Misconstruing Mussolini

Thursday, August 27th, 2009

Benito Mussolini (supposedly) said that “Fascism should more properly be called corporatism, since it is the merger of state and corporate power” — but if you interpret that using modern language you’re misconstruing Mussolini:

This quote is often misconstrued nowadays by leftists who view profit-making corporations under capitalism (especially multinational corporations) as instruments of the devil. They love the implied image of capitalist fat-cats and fascist dictators conspiring in gilded opulence. Alas for them that this quote actually doesn’t imply anything like that; the terminological ground under it has shifted.

The “corporatism” to which Mussolini was referring had, actually, nothing to do with corporations, joint-stock or otherwise (in the 1920s the word “corporation” did not yet have its modern sense, either in English or Italian). His use of the word had to do with a feature of fascist theory forgotten by almost everybody but specialist historians.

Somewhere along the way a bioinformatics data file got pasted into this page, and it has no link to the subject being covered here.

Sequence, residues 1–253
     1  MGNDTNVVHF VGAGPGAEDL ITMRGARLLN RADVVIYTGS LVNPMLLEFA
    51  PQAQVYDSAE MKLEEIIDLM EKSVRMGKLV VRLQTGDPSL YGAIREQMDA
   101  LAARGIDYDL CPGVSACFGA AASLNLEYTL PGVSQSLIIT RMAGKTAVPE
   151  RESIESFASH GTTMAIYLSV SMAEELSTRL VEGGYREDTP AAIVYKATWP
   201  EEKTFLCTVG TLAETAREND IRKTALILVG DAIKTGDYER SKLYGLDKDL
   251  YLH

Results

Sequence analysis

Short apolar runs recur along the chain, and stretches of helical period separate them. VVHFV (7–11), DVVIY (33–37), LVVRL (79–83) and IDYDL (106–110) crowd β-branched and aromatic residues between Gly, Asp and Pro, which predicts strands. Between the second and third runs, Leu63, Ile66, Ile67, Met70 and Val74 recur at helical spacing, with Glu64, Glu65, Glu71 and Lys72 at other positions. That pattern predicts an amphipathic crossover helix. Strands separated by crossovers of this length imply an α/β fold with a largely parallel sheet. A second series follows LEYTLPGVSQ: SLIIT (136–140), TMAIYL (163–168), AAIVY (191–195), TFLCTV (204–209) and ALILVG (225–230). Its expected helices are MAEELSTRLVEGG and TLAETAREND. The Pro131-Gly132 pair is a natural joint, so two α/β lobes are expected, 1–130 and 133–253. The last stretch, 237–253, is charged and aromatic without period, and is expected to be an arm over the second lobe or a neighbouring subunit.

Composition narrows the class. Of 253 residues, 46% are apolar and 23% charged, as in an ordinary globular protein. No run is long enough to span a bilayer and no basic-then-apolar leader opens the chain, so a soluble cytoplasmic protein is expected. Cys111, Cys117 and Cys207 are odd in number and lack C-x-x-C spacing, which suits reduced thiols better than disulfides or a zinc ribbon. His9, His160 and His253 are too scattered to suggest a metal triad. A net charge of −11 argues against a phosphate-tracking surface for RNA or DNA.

In fascist theory, “corporations” were bodies like unions, craft guilds, professional societies, and grange associations.

What Mussolini was actually enunciating was a sort of organic statism in which the state would bless or admit representatives of various “corporations” into its governing councils — and no, that didn’t mean Fiat or Beretta but (say) the Abruzzo Building Trades Association, or the Society of University Professors.

While corporations in the modern sense were not outright excluded from being legitimized “corporations” in the fascist sense, neither did they have any special status or power in the system. Actually, it was rather the reverse…

It’s worth remembering that the founders of fascism were mainly Leninists like Mussolini with a sprinkling of anarcho-syndicalists (George Sorel being the best known of those). Actual fascism retained the founders’ doctrinal hostility to what modern leftists would call “corporate power”, never renouncing its state-socialist roots and being (in fact) hostile to all centers of power other than the state itself.

The modern idea that German and Italian fascism were conservative or pro-business ideologies is essentially a fantasy constructed by pro-Soviet propagandists during and after World War II.

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